5 Things You Should Know About Ken Ham’s Ark Encounter

Dec 20, 2014

Image: Shutterstock

By Dan Arel

The Ark Encounter is a planned theme park in Kentucky that will showcase the story of Noah’s Ark. The park is being built by Ken Ham, creationist and founder of The Creation Museum and Answers in Genesis, a ministry devoted to spreading the gospel of young-earth creationism.

In July of 2014 the theme park applied for a special 18 million dollar tourism tax incentive and was granted preliminary approval. But due to hiring practices that required potential employees to sign a statement of faith, secular groups sprung into action, sparking a heated debate between secular activists and religious fundamentalists on what constitutes a violation of church and state separation.

Wherever you stand on this issue, you should know these five things about Ham’s Ark Encounter.

1. The Ark Encounter is not a non-profit religious organization.

Answers in Genesis is a religious non-profit organization, as is the Creation Museum. Those organizations are free to hire employees who only share their same faith and worldview.

However, the Ark Encounter is for-profit, a status that allows it to take advantage of state and federal tax benefits. That means following all federal and state laws, including hiring practices. But the company’s first job listing held candidates to the same statement of faith as the non-profit organization.


 

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13 comments on “5 Things You Should Know About Ken Ham’s Ark Encounter

  • I wonder.

    Is Ham subtle enough?

    Eighteen million in tax incentives is just that. To deliberately instigate this ” faith statement ” dust up so that you can play the victim and get a big increase in donations from many sources covering all expenses is far fetched. Still, is this the plan? Then you get your cake ( faith statements ) and eat it too ( all that lucre )

    Nah, Ken Ham is not that clever!



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  • Brilliant, I am now inspired to go away and show that there is more profundity in earlier pre”Collins apostasy’ Genesis music than the bible could possibly give. I’ll probably not get round to it though, being slave to my slothful nature. If anyone wants to start a thread I’ll happily contribute though (or at least read, or perhaps just note the existence of). Back to bed!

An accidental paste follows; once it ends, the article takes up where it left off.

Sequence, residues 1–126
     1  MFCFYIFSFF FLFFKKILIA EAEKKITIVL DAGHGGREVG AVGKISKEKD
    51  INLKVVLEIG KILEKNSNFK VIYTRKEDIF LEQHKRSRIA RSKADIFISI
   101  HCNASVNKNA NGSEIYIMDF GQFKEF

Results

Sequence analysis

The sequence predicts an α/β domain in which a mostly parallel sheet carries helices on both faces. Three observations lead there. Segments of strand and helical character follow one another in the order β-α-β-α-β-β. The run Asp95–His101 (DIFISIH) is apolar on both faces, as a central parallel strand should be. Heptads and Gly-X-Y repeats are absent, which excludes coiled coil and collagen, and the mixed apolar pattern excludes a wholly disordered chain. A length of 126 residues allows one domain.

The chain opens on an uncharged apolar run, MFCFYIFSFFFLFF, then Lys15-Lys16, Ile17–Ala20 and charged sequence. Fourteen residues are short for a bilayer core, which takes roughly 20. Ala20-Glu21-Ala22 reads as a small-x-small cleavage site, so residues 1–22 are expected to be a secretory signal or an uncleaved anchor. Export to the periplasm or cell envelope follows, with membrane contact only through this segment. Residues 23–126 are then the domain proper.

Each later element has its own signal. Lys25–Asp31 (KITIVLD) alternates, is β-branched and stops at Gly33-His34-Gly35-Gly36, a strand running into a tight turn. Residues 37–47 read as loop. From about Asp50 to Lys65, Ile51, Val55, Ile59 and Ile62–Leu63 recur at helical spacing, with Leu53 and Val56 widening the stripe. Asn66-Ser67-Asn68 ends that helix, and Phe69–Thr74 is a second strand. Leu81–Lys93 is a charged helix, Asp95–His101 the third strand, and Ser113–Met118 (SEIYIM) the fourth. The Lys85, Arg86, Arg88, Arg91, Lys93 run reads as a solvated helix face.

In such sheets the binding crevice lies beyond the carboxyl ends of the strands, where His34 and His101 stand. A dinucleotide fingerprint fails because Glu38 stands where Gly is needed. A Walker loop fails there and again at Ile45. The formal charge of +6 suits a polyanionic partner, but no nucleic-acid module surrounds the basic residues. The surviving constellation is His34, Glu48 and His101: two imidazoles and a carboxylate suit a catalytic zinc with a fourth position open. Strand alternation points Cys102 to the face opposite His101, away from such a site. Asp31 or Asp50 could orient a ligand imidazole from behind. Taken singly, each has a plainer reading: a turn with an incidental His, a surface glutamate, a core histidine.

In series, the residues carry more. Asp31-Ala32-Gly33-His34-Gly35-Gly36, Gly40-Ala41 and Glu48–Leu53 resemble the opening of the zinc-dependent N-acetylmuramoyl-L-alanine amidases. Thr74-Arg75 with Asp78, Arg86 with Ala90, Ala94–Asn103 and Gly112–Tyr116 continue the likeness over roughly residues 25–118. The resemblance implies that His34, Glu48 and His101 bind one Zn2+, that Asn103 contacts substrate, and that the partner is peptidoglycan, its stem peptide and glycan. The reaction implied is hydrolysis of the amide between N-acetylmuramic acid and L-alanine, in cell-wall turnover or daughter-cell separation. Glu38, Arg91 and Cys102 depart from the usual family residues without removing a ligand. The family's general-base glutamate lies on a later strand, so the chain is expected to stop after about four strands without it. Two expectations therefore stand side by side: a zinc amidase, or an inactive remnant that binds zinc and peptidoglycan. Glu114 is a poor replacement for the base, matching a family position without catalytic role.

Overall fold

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  • Do you think he cares?

    Blind obedience to his religion’s dogma (his version of it at least) is for his followers/victims.

    “Answers in Genesis is a religious non-profit organization, as is the Creation Museum.”

    The religious mission of AiG and the Flintstone’s Themepark is entirely secondary. Their principal function is to support Ken’s family’s lifestyle. He will never publicly admit anything that will put his revenue stream at risk. Even his recent “debate” with Bill Nye will only have been agreed to after he precisely calculated whether having the debate at all (which is what he decided, and which it almost certainly was) was more valuable to him than having it and losing (which he knew would be the outcome before he started)



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  • Number 3. in the list is incorrect. It isn’t the first Amendment that prevents discrimination in hiring, it’s federal and state labor laws (based on those Amendments). The Constitution only applies to the government in it’s hiring practices and, even then, can be circumvented in the name of national security or to be able to continue running services.
    My job can fire me for anything, as long as they make up an excuse that doesn’t violate established labor laws (U.S.).



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  • I would like to see Mr. Ham explain how it is that if two kangaroos could swim to Turkey to board the arc, why did they even need the arc. 😀